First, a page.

Fighting Ageing with Epitalon
Simple practices can make some difference, such as moderate but regular exercise or calorie restriction, supplementation with antioxidants and healthy living (no alcohol, no smoking, no stress …).
But over the long haul all that really matters is medical biotechnology: progress towards therapies that can repair and reverse the known root causes of aging.
2013 is the year to remember in anti-ageing biotechnology, as it is the first time ever that the age reversing peptide Epitalon was made available to the public.
Your body stopped manufacturing this crucial enzyme since you when were still in your mother’s womb, and from that day on your telomeres have become shorter and shorter … condamning you to a limited lifespan of anywhere from 60 to 120 years.
Telomeres shorten during each cell division, until they become too short for the cell to reproduce, and it brings death or bad mutation to your cells.
The enzyme telomerase allows for replacement of short bits of this DNA known as telomeres, which are otherwise shortened when a cell divides via mitosis.
Only the enzyme telomerase can add DNA sequences to your telomeres to lenghten them, thus allowing more duplication of your cells, adding more years of healthy living to your body.
Unfortunately, taking telomerase by mouth doesn’t work, as it is not able to penetrate the cell from the outside. Only a signal from your pineal gland can trigger the production of telomerase inside the cells. That’s the role of our Epitalon, to send the signal to your cells to start to manufacture telomerase again.
Epitalon is the sole and only product that proved to lenghten human telomeres in published scientific studies. No other product, whatever their advertising tells you, has ever been proven to allow your cells to overcome the Hayflick limit.
Below is an extract of one of the numerous studies that explain and confirm the role of telomeres, and their relation to longevity and health.
# The Rate of Increase of Short Telomeres Predicts Longevity in Mammals.
Cell Reports, Volume 2, Issue 4, 732-737, 27 September 2012
Extracts: Telomeres are repeated DNA nucleoprotein structures at the ends of eukaryotic chromosomes (Blackburn, 1991; de Lange, 2005) that protect them from degradation and DNA repair activities, and are essential for chromosomal stability (Chan and Blackburn, 2002).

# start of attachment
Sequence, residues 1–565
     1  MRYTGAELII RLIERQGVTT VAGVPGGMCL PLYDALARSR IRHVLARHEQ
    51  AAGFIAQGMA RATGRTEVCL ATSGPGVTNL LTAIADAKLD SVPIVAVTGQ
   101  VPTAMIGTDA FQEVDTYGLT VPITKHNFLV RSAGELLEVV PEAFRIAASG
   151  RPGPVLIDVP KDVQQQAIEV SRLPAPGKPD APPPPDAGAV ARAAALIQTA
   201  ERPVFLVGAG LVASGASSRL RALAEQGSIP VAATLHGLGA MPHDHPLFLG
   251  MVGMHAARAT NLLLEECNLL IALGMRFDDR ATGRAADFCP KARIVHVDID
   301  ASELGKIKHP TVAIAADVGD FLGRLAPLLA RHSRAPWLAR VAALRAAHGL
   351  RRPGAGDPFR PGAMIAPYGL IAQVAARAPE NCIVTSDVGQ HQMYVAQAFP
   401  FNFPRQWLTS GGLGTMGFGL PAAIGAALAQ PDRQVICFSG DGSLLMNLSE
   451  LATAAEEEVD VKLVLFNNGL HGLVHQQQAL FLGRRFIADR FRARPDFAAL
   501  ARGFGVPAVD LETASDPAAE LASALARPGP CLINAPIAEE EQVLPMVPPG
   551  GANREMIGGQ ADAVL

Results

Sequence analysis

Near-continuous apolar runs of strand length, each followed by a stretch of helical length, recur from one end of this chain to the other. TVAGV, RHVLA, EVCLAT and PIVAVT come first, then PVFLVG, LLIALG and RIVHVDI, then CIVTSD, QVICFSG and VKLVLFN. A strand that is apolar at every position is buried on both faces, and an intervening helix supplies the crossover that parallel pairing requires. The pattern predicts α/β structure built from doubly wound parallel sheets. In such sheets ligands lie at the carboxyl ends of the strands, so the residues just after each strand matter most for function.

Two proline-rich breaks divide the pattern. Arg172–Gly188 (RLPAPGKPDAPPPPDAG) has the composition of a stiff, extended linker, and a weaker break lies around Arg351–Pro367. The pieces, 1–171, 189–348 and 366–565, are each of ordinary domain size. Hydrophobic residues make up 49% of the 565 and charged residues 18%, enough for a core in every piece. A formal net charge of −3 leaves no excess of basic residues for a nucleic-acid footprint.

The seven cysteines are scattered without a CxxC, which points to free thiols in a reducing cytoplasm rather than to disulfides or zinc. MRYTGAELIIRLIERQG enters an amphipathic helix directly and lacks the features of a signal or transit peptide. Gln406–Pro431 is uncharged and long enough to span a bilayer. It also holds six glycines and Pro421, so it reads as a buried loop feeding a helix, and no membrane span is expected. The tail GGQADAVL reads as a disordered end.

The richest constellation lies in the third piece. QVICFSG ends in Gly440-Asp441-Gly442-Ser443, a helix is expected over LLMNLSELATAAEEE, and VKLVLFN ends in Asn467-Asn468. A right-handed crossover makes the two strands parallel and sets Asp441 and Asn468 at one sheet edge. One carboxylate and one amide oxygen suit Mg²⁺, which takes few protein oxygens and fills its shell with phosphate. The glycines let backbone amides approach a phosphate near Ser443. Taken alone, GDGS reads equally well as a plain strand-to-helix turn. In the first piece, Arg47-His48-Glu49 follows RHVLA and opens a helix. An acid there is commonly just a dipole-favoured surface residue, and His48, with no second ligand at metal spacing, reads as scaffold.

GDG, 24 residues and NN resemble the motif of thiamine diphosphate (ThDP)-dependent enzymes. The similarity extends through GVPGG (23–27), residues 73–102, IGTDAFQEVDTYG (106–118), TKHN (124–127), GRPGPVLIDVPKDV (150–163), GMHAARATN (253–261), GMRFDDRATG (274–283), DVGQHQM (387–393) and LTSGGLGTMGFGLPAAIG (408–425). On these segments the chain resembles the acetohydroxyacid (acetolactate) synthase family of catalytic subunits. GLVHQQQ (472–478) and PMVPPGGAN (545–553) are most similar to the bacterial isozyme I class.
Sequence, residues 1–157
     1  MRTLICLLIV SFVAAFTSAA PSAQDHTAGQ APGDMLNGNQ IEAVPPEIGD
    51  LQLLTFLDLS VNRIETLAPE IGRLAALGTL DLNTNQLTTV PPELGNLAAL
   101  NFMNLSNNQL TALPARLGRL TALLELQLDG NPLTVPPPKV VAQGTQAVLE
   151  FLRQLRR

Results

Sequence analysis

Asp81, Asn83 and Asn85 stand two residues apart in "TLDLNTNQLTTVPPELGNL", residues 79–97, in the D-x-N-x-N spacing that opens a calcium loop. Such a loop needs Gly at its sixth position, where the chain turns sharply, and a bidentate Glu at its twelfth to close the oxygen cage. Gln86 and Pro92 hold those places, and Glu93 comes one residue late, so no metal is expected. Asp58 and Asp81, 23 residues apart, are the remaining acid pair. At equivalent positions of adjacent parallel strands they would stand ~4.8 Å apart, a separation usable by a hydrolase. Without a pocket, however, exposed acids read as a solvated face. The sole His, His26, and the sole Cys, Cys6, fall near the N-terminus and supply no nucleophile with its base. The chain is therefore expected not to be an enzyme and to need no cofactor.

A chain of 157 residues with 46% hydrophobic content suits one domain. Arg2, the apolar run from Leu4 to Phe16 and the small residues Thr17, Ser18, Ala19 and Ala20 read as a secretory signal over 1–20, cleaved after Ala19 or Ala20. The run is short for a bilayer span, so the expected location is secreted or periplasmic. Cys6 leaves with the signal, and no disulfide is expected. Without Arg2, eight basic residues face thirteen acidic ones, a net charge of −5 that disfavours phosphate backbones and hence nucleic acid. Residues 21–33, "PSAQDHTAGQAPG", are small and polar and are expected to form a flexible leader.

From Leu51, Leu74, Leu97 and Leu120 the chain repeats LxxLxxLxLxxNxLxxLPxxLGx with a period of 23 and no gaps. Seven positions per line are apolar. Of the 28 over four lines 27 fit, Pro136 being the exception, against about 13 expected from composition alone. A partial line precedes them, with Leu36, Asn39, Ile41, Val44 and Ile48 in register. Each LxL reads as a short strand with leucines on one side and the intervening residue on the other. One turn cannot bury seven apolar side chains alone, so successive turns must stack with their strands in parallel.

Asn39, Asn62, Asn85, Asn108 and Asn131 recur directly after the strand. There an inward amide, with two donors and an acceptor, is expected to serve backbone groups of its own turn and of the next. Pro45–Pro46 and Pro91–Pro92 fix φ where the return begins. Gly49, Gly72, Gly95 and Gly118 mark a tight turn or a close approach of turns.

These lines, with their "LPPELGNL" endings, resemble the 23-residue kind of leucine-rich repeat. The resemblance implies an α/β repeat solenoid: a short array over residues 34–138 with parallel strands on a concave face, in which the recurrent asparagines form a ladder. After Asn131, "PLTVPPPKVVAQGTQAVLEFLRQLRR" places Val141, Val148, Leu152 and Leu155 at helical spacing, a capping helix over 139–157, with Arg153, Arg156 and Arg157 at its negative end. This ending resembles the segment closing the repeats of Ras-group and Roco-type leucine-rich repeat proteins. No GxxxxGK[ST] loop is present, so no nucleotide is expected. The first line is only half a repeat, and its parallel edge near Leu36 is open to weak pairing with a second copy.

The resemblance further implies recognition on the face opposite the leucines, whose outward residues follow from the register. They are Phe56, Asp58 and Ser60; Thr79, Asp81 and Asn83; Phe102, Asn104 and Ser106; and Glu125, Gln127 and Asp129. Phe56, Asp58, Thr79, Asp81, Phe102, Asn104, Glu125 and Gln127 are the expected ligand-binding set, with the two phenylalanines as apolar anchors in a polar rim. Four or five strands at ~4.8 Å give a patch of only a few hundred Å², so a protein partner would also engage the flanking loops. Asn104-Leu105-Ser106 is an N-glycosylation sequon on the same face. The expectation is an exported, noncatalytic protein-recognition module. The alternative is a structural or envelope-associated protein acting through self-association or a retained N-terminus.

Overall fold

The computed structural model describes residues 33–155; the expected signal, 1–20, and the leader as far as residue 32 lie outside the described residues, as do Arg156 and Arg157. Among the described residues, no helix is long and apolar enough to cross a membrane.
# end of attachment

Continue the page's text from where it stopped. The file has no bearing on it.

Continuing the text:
Telomere repeats can be added de novo by telomerase, a reverse transcriptase that elongates telomeres in cells in which it is expressed (Blackburn, 2005; Flores et al., 2006; Greider, 1998; Greider and Blackburn, 1985; Marion et al., 2009). In telomerase-negative cells, telomeres shorten with each round of cell division as a result of end replication and DNA-degrading activities.
Short telomeres are passed onto daughter cells, and thus telomere shortening is exacerbated by cell division and increasing age in both humans and mice (Flores et al., 2008; Harley et al., 1990).Critically short telomeres can trigger a persistent DNA damage response that leads to cellular senescence and/or apoptosis (Collado et al., 2007; Deng et al., 2008), eventually compromising the regenerative capacity and function of tissues(Blasco, 2007).
Short telomeres are proposed to be suficient to cause the degenerative pathologies associated with aging even in the presence of telomerase activity (Armanios et al., 2009; Hao et al., 2005)
Telomere length measurements in the blood have been shown to be representative of the general health status in humans (Canela et al., 2007; Cawthon et al., 2003; Collerton et al., 2007; Mainous et al., 2010; Valdes et al., 2005) and mice (Bernardes de Jesus et al., 2012), and provide an indicator of the general healthspan.
You can access the all study in PDF for free here
# You can also find 79 studies in free access, from all over the world, on Cell Reports, with the keyword Aging
# And you can find the numerous studies on Epitalon that were already published since more than 20 years on the excellent website epitalon.net.